Cyberinsurance Claims: The Biggest Payouts

Claim Payouts Totaled $84 Million

A recent study of 145 data breach claims in 2013 conducted by NetDiligence, a Philadelphia-based cyber risk assessment services company, found that insurance companies paid out $84 million in data-breach- and security-incident-related costs. Mark Greisiger, president of NetDiligence, told CRN that the company works with cyberinsurance companies and hopes its annual study can be used to illuminate the real costs of incidents from an insurer’s perspective.

The claims were paid out for legal defense, legal settlements, regulatory fines, forensics costs, credit monitoring and identity theft remediation costs, the study revealed. The bulk of the payouts paid for crisis services, which include forensics, notification, credit monitoring and legal counsel. The smallest payout for crisis services was $2,560, while the largest payout was $11.5 million. The average payout was $737,473.

CRN brought together some of the interesting findings from the report that shed insight into the struggle businesses go through when dealing with data breaches.

Claims For Lost Or Stolen Laptops

Lost and stolen laptops have been consistently cited as the most serious threat to organizations. It has driven interest in data loss prevention, encryption and other data protection technologies. The NetDiligence analysis found lost and stolen laptops and storage devices accounting for more than 20 percent of claim events. The security incidents themselves resulted in less than 1 percent of records exposed, the company said.

Claims For Hacking, Malware Incidents

Hackers accounted for fewer incidents, but their actions resulted in large data breaches, NetDiligence said. Hackers accounted for just more than 18 percent of claims but were responsible for more than 97 percent of records exposed. This is primarily due to two large hacking attacks that exposed 100 million records each, the company said.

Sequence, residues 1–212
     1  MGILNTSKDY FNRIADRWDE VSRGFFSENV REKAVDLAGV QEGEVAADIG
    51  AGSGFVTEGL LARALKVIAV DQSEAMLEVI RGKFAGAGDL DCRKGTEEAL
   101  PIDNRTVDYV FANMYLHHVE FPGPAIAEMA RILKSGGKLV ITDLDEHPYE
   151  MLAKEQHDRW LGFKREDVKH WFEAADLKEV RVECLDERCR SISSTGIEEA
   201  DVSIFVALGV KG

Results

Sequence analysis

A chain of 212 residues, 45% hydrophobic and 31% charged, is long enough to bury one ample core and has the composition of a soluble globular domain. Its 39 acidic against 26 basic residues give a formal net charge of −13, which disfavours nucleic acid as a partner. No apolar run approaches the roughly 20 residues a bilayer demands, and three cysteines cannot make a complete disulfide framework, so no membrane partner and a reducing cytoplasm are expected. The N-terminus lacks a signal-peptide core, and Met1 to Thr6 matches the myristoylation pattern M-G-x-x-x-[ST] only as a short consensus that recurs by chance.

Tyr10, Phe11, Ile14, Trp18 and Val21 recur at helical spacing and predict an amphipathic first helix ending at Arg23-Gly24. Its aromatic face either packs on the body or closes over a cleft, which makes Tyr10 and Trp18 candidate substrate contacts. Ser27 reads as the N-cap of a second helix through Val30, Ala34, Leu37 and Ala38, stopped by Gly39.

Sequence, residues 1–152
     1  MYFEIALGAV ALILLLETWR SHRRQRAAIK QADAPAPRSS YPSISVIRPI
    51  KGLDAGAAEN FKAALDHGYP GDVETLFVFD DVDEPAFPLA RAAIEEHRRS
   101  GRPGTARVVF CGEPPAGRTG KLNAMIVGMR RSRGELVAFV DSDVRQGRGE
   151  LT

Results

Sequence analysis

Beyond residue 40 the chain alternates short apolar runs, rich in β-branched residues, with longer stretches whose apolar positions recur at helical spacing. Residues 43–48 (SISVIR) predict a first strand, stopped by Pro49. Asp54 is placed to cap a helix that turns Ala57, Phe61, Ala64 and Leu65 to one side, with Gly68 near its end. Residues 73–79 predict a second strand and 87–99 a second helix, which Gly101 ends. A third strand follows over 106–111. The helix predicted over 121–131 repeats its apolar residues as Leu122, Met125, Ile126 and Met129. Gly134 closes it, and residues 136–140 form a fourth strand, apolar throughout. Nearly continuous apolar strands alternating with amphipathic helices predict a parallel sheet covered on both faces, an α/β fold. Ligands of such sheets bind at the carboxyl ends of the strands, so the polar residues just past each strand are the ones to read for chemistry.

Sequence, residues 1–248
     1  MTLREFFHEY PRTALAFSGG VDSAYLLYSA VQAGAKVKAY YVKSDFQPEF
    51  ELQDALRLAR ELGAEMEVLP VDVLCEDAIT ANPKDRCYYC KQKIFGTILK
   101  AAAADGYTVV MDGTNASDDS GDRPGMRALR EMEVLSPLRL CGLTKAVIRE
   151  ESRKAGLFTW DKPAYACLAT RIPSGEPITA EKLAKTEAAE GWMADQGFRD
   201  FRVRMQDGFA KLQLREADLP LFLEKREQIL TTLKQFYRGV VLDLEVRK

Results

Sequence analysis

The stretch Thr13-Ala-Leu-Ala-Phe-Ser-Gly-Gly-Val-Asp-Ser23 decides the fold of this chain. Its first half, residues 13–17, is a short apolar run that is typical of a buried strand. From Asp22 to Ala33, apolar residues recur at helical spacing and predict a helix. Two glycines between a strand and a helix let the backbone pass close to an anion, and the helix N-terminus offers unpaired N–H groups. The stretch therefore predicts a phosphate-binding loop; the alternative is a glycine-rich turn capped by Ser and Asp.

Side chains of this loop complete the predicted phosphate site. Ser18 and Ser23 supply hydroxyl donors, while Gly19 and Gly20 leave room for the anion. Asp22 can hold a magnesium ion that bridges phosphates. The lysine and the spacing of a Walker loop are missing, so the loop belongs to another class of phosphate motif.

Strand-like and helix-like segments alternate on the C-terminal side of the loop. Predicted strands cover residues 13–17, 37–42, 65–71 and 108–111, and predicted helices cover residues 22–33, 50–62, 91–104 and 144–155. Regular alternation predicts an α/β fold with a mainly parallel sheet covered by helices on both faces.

Rogue employees were responsible for 17 claims. Breaches where malware was involved came in next with 14 claims, followed by the loss of paper records.

Claims For Denial Of Service Attacks

Five security incidents associated with claims resulted in business interruption. Denial of service attacks resulting in business disruption and downtime were associated with three claims, NetDiligence said. The incidents occurred in retail, financial services, manufacturing and telecommunications. The costs for these incidents are still pending.

NetDiligence’s 2011 study found 10 first‐party loss incidents caused by DDoS attacks, malware and cyber extortion. That year, the claims reported approximately $1.22 billion in lost business income and $23 million in expenses. One incident resulted in fines of approximately $4 million, NetDiligence said.

Claims For Improper Collection Of Personal Data

California passed the Song-Beverly Act in 2011, which changed the definition of personally identifiable information and placed restrictions on whether organizations can collect ZIP codes and other indentifiable information. Four claims involved the improper collection of sensitive data. Twelve claims resulted from losses caused by lawsuits that were brought on following the passage of the Song-Beverly law. NetDiligence said organizations experienced losses for lawsuits involving online copyright infringement, weak passwords and unencrypted email.

Health-Care Claims Increase

Health care is now the clear leader with 41 claims, almost twice the 21 claims that occurred in financial services, according to the NetDiligence analysis. Retail was in third place with 18 claims, followed by professional services, technology and education.

Payouts for regulatory fines were reported for four claims. All four incidents involved the loss of personal health information. The claims were for fines of $150,000 for each incident. One incident involved the improper handling of paper records.

Most Claims Based On Credit Card Loss

Credit or debit card information was exposed in 23 of the claims submitted, NetDiligence said. Of the 88 claims that reported payouts, seven included PCI fines ranging from $11,000 to $120,000.

In one claim, the theft of one donor’s credit card information from a nonprofit resulted in a forensics investigation, a lawsuit and a PCI fine. The per-record cost for that incident was $50,000, NetDiligence said.

Median Payout Falls Between Narrow Range

Across all data types, the range of claim payouts was enormous, from a low of $2,560 up to $20 million.

Surprisingly however, the median payout -- regardless of data type -- fell within a relatively narrow range, between $207,000 and $317,000, NetDiligence said.

There were two large claims for incidents in which more than 100 million records were exposed. For this reason, personally identifiable information accounted for more than 95 percent of the records exposed, NetDiligence said. Personal health information accounted for only 2.48 percent of records exposed.